by Amy Kenna
Since January 2014, Whatcom Watch, has been rerunning articles from issues printed 20 years ago. The below article appeared in the August 1998 issue of Whatcom Watch.
Recently, a concerned citizen wrote Whatcom Watch requesting an article on the environmental impact of automobiles on the Lake Whatcom watershed.
After a bit of research, I came across a Huxley environmental impact assessment about the effect of stormwater runoff on Lake Whatcom watershed. The report had a section which seemed to best describe the impact automobiles and roads have on our watershed:
“Pollutants from the road are washed into Lake Whatcom by stormwater runoff. Impervious surfaces (mostly paved surfaces) increase the rate of runoff which in turn increases soil and road erosion.”
Impervious Surfaces Increase Runoff
Automobile use brings with it increased roads and pavement, (also known as impervious surfaces). Impervious surfaces, in a nutshell, are any material which prevents the infiltration of water into the soil. The best example of this is roads, but impervious surfaces also include rooftops, sidewalks, patios, and even compacted soil.
Development and impervious surfaces are like Siamese twins, one never seems to exist without the other. When the percentage of land covered by impervious surfaces increases, then the amount of water absorbed by soil decreases. For example, in an area where the ground cover is natural, 40 percent of rainwater evaporates, 10 percent of it becomes runoff, 25 percent infiltrates the soil on a shallow level, and 25 percent of the water becomes deep infiltration.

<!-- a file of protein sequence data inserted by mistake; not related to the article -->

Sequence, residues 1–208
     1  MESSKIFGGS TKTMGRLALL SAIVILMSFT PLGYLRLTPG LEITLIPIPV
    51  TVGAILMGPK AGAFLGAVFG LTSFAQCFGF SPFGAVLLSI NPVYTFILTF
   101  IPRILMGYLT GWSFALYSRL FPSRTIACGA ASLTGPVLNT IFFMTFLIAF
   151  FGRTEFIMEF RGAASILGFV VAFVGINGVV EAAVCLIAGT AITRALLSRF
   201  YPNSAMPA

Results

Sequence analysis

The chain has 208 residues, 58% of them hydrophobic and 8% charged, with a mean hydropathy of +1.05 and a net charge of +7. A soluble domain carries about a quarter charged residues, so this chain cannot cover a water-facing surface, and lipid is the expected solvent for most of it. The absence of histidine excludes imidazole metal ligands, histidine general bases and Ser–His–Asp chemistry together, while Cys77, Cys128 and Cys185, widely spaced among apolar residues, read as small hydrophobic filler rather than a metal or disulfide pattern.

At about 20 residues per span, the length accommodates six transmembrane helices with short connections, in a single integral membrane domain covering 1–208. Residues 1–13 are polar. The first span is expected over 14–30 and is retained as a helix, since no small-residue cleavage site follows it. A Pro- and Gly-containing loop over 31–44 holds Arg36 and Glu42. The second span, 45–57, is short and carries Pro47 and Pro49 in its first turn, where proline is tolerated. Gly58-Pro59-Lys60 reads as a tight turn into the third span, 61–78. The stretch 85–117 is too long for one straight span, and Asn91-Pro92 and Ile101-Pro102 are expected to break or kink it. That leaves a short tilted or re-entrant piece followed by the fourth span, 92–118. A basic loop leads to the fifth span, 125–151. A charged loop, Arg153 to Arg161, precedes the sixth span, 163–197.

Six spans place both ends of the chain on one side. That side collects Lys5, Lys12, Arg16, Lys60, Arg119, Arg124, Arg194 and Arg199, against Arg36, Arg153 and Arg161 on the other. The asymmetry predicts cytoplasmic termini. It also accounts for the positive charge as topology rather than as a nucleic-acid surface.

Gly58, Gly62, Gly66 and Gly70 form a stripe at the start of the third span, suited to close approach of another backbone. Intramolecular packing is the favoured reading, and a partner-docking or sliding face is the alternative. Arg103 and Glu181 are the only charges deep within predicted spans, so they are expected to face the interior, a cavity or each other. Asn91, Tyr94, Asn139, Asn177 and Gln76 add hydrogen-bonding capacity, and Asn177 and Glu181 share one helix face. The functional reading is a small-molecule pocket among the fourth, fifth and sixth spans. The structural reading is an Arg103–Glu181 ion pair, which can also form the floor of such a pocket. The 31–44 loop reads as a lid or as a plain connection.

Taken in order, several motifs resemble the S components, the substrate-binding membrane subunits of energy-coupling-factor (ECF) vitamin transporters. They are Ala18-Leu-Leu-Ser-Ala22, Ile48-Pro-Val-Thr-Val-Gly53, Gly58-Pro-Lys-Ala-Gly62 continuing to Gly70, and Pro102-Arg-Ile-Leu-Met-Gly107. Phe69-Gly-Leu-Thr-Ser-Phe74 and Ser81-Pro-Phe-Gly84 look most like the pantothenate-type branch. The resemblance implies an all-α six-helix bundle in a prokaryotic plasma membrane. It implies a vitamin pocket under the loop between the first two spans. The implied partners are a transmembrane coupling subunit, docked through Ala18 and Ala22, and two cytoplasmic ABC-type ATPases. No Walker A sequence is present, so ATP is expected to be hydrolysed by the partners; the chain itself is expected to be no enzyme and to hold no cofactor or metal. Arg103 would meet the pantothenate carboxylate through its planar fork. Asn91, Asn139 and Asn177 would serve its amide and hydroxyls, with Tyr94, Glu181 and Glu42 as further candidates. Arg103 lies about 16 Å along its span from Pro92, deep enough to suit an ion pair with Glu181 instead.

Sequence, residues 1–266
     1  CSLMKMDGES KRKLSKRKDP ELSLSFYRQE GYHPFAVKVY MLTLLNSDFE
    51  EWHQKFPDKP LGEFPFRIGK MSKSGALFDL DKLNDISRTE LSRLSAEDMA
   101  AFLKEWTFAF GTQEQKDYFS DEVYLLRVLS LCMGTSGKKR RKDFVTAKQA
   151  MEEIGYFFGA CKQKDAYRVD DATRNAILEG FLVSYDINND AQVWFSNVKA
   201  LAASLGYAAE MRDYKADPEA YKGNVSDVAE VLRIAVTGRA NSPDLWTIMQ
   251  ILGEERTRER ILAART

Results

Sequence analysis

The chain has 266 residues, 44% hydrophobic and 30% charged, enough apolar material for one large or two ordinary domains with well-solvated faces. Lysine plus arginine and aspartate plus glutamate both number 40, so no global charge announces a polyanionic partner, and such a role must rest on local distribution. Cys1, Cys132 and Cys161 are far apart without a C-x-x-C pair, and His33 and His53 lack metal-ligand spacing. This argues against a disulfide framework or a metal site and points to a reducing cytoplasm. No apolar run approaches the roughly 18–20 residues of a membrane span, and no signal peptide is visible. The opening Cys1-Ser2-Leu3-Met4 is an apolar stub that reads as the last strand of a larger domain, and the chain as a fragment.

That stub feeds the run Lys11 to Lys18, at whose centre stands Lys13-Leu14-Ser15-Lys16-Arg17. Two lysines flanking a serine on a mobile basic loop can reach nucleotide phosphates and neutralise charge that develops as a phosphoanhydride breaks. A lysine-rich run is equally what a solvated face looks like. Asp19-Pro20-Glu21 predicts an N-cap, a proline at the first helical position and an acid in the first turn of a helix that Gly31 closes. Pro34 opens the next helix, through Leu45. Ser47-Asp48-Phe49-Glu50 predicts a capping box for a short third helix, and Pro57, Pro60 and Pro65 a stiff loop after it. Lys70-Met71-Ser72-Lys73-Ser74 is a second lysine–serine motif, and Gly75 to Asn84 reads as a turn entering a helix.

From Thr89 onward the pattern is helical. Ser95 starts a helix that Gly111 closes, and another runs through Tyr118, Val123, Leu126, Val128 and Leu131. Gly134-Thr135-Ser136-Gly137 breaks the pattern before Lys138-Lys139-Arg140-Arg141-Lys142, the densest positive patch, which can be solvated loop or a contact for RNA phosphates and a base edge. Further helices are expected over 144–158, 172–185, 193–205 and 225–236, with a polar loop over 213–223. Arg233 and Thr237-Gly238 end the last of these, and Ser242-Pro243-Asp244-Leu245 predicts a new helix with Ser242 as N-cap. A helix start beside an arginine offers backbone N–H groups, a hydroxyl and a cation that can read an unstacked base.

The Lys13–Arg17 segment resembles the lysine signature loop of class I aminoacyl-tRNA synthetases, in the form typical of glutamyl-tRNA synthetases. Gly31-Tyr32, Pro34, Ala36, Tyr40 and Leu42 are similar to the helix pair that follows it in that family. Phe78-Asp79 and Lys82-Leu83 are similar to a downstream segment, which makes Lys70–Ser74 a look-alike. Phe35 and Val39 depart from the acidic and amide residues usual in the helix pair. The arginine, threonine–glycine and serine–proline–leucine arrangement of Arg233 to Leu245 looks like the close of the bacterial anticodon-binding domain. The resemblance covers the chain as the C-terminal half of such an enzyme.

In contrast, in an urban area with 75 to 100 percent impervious surfaces, 55 percent of the water becomes runoff, 30 percent evaporates, and only a miniscule 15 percent even infiltrates the soil at all (with only 5 percent becoming deep infiltration).
In other words, roads, pavement and other impervious surfaces seriously affect water cycles, allowing only a tiny percentage of water to actually be absorbed by soil at all, and causing most of the water to simply become runoff.
The alteration to the hydrologic cycle is only the beginning of the problem.
The Source of Our Water Woes
The definition of nonpoint source pollution, as indicated by the Journal of American Planning Association, is this: “polluted runoff derived from contaminants washed off the surface of the land by stormwater and carried either directly or indirectly into waterways or groundwater.” Controlling nonpoint sources is difficult since its source is not able to be specified. Also, the responsibility for controlling such pollution often shifts through varying levels of government and is complicated by regulatory and management considerations.
According to the Environmental Protection Agency, nonpoint source pollution is the nation’s leading threat to water quality, especially since point source pollution is increasingly being brought under control.
Runoff in the Lake Whatcom Watershed
If you’ve ever been down to Sudden Valley or Alabama Street, you will notice runoff grills on the sides of street above which is painted a white picture of a fish and the words “Runs to Lake-Do Not Pollute.” As though all the people driving by in cars can read those little white signs.
The point is, automobiles bring roads, roads increase runoff (which is a form of nonpoint source pollution), and runoff is bad news, especially when it is emptying into our watershed. Here are just a few of the bad things which come from our roads, as cited by the Huxley impact assessment:
“Hazardous wastes in the Watershed, as a result of the road, most likely come from the transportation of fuels within the Watershed and the use of pesticides for roadside spraying. Another serious pollutant is sediment, which is generated during road construction.”Also, cars leak oil, antifreeze and other nasty chemicals into stormwater drains.”